Last week he was doing his favourite activity which is writing each letter of the alphabet (lower and uppercase) and drawing a picture and writing the corresponding words, so....A a Apple and draw an apple, B b Ball drew a ball etc got to F f drew a fish and forgot to write the word fish - it was pretty scary to see his reaction, he was screaming, and shaking as though he was in physical agony and I felt extremely helpless. I gave him a cuddle and told him it was okay...now based on what you have written, I think this may have been the wrong thing to do. Could you maybe advise me what you think I could do when this happens again?

thanks


I think cuddling helps I know I'd prefer to be cuddled than yelled at by someone who's also frustrated and doesn't understand. As long as you aren't restrictive or oppressive I think consoling him with encouraging words like "it's OK there's nothing wrong your still doing a great job", and yeah then a hug isn't that bad I don't mind being hugged as long as the person is not freaking out at me. I tell people when I don't want a hug. Like when I would have a meltdown and my parents would feel guilty about mistreating me or hitting me they'd try to hug me and make up after. That would make me even more angry I'd tell them to get away from me but they'd still try to, so I'd try to wriggle out of their arms kicking or hitting depending on how traumatized I was when they we being dis-encouraging.


Last edited by Angel_ryan on Sat Nov 12, 2011 2:52 pm; edited 1 time in total
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gramirez
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PostPosted: Sat Nov 12, 2011 10:31 am    Post subject: Reply with quote

All very good points, Tambourine-Man.
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SylviaLynn
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PostPosted: Sat Nov 12, 2011 11:09 am    Post subject: Reply with quote

Definitely. DD doesn't have many meltdowns even at school anymore, but if she does the method to handle it is in her IEP. It's some kind of sensory overload. Get her into a quiet place. Be near her, but not touching. Don't touch. She hit a vice-principal once. Give her a tissue, then wait until she calms down.
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MagicMeerkat
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PostPosted: Sat Nov 12, 2011 1:47 pm    Post subject: Reply with quote

My parents made all those mistakes. I had a nervous breakdown at sixteen and we always attributed it to all the phyc meds I was on at the time, but I also wonder if the way my parents recated to my meltdowns played a role.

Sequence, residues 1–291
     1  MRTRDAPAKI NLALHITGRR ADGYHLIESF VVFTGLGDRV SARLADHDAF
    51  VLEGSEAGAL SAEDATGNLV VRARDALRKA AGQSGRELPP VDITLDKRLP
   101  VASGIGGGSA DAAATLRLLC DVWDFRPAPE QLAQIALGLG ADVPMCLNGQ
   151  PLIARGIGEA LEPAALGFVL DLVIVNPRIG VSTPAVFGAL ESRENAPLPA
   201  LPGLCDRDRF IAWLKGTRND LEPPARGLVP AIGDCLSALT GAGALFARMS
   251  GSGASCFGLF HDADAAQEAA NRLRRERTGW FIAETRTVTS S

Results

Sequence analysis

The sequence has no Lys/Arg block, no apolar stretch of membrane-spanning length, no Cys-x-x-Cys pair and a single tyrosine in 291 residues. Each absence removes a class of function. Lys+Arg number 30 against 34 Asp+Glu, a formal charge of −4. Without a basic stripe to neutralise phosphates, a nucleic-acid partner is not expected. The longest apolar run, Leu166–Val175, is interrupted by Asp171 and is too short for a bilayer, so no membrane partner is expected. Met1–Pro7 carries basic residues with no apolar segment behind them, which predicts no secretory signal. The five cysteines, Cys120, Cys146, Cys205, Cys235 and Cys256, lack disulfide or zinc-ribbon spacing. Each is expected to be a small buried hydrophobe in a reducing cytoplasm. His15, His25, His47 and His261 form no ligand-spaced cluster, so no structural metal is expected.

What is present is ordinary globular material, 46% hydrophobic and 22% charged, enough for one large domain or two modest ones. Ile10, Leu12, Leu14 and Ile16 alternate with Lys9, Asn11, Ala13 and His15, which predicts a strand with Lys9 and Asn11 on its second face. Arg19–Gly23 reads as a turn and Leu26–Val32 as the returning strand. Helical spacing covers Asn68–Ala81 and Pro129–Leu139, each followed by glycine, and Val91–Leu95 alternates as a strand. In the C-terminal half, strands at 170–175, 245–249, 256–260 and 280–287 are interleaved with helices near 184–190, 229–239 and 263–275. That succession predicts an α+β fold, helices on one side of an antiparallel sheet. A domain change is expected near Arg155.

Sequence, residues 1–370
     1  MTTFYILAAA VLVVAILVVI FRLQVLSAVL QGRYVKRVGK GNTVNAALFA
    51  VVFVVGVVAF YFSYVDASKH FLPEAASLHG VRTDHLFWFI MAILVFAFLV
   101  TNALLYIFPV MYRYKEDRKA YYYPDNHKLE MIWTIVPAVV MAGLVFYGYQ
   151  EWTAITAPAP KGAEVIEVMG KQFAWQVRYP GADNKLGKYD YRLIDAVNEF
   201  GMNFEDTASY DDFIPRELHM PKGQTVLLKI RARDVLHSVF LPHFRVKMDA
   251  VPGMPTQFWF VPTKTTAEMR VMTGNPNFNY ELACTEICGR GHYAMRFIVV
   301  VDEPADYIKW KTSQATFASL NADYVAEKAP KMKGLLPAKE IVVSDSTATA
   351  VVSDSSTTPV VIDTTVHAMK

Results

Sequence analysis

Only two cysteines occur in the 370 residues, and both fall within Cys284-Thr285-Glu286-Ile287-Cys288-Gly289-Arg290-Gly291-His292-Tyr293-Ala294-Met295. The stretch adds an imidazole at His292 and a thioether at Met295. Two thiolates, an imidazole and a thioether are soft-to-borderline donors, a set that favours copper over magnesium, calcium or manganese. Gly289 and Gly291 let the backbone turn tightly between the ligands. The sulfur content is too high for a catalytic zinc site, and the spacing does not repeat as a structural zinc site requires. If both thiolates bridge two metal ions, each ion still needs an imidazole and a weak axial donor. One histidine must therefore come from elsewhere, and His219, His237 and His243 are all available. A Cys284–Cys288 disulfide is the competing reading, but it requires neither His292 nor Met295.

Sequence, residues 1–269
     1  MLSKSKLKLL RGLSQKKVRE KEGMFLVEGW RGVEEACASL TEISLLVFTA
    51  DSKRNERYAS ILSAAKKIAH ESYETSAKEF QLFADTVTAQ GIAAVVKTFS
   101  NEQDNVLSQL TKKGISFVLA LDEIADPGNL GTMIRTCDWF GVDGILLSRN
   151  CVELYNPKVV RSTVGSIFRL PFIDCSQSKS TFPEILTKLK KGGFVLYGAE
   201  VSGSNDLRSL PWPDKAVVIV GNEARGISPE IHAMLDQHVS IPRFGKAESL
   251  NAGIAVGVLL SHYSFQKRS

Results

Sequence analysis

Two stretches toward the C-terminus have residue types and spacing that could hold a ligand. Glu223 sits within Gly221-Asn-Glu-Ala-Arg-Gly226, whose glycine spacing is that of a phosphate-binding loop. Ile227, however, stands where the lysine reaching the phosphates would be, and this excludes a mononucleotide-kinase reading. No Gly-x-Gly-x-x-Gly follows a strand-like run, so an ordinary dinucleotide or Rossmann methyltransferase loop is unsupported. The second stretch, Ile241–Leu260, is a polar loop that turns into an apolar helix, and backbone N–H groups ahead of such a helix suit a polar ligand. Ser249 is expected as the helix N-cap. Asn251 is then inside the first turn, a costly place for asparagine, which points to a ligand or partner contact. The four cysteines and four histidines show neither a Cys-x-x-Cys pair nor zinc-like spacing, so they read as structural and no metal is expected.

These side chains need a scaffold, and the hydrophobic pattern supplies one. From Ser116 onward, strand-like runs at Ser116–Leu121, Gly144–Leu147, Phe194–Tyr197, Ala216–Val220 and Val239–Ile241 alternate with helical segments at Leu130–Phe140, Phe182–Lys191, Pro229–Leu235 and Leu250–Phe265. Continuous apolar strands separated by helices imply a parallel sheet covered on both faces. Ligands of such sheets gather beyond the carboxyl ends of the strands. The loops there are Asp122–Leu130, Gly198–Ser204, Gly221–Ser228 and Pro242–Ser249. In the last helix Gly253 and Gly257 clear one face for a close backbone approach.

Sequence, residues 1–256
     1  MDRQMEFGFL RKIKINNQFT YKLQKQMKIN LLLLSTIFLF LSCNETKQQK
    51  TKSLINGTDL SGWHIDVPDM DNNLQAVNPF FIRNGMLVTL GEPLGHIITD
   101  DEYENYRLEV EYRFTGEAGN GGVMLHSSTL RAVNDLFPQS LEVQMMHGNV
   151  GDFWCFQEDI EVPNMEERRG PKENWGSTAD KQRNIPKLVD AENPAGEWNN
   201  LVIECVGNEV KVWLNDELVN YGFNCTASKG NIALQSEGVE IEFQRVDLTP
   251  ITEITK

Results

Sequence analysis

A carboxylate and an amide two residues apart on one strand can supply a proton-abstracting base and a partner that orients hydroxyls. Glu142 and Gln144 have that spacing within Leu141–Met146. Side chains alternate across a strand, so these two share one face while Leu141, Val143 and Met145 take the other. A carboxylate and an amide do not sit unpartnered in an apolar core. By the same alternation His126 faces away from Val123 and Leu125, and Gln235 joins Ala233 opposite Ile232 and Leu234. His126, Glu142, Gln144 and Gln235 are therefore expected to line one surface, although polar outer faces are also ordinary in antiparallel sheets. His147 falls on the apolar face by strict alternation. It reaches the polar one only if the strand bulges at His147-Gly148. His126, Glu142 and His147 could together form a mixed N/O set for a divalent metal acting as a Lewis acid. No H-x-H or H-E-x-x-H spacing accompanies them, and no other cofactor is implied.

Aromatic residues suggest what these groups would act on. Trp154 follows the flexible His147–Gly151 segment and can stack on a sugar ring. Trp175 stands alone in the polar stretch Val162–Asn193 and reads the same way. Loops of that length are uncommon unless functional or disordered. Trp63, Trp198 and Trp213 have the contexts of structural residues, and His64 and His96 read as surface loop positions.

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Tambourine-Man
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PostPosted: Sat Nov 12, 2011 2:25 pm    Post subject: Reply with quote

MagicMeerkat wrote:
My parents made all those mistakes. I had a nervous breakdown at sixteen and we always attributed it to all the phyc meds I was on at the time, but I also wonder if the way my parents recated to my meltdowns played a role.


I too was pumped full of awful meds. People really need to understand autism better.
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aann
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PostPosted: Sat Nov 12, 2011 2:45 pm    Post subject: Reply with quote

My son generally likes to recover on his own or with a little assurance from an adult. Often he is talking nonsense so I tend to have to agree with or affirm what he is saying, even if it is not true. Then he'l take some time to calm down. Most often he took what someone said in the wrong way.
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jmom05
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PostPosted: Sat Nov 12, 2011 3:55 pm    Post subject: Reply with quote

Reading this is helping me understand how my son is feeling . He is 7 and was just diagnosed with Aspergers. The only problem I have with his meltdowns is that he attacks me. Not anyone else, just his mom. He will bite me, kick me, hit, pinch, scratch, etc. I am not sure how to calm him down. I will usually talk calmly to him, hold him in my lap and say "settle" as I pat his back. I just don't know how to settle him before he attacks. Do you have any advice on how to handle that?
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blondeambition
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PostPosted: Sat Nov 12, 2011 5:03 pm    Post subject: Reply with quote

jmom05 wrote:
Reading this is helping me understand how my son is feeling . He is 7 and was just diagnosed with Aspergers. The only problem I have with his meltdowns is that he attacks me. Not anyone else, just his mom. He will bite me, kick me, hit, pinch, scratch, etc. I am not sure how to calm him down. I will usually talk calmly to him, hold him in my lap and say "settle" as I pat his back. I just don't know how to settle him before he attacks. Do you have any advice on how to handle that?